American battleship museums or memorials may be found in Utah BB-31, Arizona BB-39 and Missouri BB-63, all in Pearl Harbour; BB35 Texas BB-35 in San Jacinto, TX; Massachusetts BB-59 in Fall River, MA; Alabama BB-60in Mobile, AL; Iowa BB-61 (in California, disposition pending), New Jersey BB-62 in Camden, NJ; and Wisconsin BB-64 in Norfolk VA.

Wisconsin commissioned as a brand new Iowa class battleship in April 1944 and in May 2006 she looks even more sparkling than that day. She saw her first action in the Battle of Leyte Gulf in December 1944 and was heavily involved in nearly all the major Pacific Ocean naval actions from then until the end of WW II. She decommissioned in 1948 but recommissioned in 1951, in time to catch the Korean War.

USS Wisconsin
USS Wisconsin, next door to the Nauticus and Hampden Roads Maritime Museums.

Wisconsin is remembered as a lucky ship because in heavy fog, on 6 May 1956, she collided with the Fletcher class destroyer USS Eaton, causing damage that required replacing the first 68 feet of Wisconsin‘s bow. There were only two minor casualties, both aboard Eaton. Wisconsin returned under her own power, but with her forward engine room flooded, Eaton was towed home stern first. After repairs, Eaton served with distinction for many years, including gunline duties off Vietnam.

Tomahawk launcherPioneer
One of Wisconsin‘s Tomahawk launchers (left) and her RQ-2A Pioneer UAV. (USN photos)

Wisconsin decommissioned again in 1958 but recommissioned one more time, 30 years later, this time with two Tomahawk batteries in addition to her powerful 16-inch guns. She fired eight Tomahawks in anger for the first time against Iraq, 17 January 1991. She decommissioned again in 1995 and was towed to her present Norfolk home to assume duties as a museum on 7 December 2000.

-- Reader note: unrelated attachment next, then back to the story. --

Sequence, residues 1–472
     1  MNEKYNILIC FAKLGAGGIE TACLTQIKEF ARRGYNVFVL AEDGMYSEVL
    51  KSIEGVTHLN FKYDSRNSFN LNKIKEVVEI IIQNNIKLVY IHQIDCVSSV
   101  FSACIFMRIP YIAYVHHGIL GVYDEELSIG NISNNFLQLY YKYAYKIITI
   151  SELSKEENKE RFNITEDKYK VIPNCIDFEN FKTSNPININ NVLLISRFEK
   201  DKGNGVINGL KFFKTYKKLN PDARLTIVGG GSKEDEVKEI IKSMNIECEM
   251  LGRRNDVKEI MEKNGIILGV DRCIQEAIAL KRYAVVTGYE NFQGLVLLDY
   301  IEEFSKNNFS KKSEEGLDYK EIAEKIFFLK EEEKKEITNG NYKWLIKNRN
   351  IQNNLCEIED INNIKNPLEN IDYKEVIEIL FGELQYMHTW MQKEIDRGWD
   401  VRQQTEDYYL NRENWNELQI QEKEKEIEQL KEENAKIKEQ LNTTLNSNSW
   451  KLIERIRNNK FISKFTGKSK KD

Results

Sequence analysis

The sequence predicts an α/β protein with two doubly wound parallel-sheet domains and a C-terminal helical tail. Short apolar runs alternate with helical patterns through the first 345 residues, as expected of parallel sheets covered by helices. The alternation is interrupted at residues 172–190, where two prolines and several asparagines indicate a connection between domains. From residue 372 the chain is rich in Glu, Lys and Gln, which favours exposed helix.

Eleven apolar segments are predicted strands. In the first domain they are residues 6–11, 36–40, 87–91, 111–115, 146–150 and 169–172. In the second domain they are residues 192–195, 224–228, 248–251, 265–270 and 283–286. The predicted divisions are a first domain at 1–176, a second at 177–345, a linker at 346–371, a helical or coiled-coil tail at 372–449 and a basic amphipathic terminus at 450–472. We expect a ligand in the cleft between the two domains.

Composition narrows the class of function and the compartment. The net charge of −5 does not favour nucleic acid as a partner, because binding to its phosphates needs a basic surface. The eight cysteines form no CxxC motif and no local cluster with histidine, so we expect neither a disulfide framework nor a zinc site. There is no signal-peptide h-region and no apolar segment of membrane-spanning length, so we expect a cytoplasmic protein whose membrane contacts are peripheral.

Wisconsin is also famous for a sortie during Desert Storm when Iraqi soldiers on Faylaka Island surrendered to the battleship’s unmanned Pioneer drone. After a bombardment by USS Missouri using that ship’s UAV, Wisconsin sent her drone over the island at low level. Evidently fearing another bombardment by 2000-pound rounds, the soldiers quickly flashed a number of white sheets and other articles to indicate surrender.


wisconsin bb64
USS Wisconsin BB-64, like other Iowa class battleships, measured 270 x 33 x 8.8 metres
(887 x 108 x 28.9 feet) and displaced about 58,000 tons. Her eight boilers served four turbines
and four shafts that drove the ship at 33 knots. Her main armament included nine 16-inch (40 cm) guns,
12 five-inch (12.7 cm) and four 20 mm Phalanx close-in systems. She carried 32 Tomahawks and
16 Harpoon missiles. There were about 1600 in her crew.


A-4 SkyhawkHampton Roads Museum
A lonely A4 Skyhawk in Blue Angels livery stands sentinel over Wisconsin‘s gangway (left). The USN-run Hamilton Roads Maritime Museum is part of the Nauticus complex.

While in the area, visitors might think about a two-hour harbour cruise of the “world’s largest naval base” to see aircraft carriers, nuclear submarines and many of the most modern warships afloat. Check out prices and times at

It is pleasing to see so many warships preserved as museums and memorials, but the ship husbandry contrast between the Essex class carrier Yorktown and the battleship Wisconsin sounds a warning bell. It costs money and requires expertise to maintain any kind of ship, even as a museum piece.

It is clear that not every entrepreneurial town or county in the USA has the ability to keep old warships in the condition they deserve, no matter how much they might charge at the gate.

The Nauticus/Wisconsin complex at One Waterside Drive, Norfolk, VA 23510, includes the Hampton Roads Naval Museum that features models and other artefacts illustrating the history of sea power. It pays special attention to the days of sail and the naval battles off nearby Hampton Roads. Helpful docents abound. They all seem very eager to share detailed knowledge with visitors. Like Wisconsin, the naval museum is free of charge, but there was a $9.95 ($8.95 seniors) charge to enter the Nauticus complex. Some areas are closed on Mondays and various holidays, so it’s best to check the website for opening times and the latest data.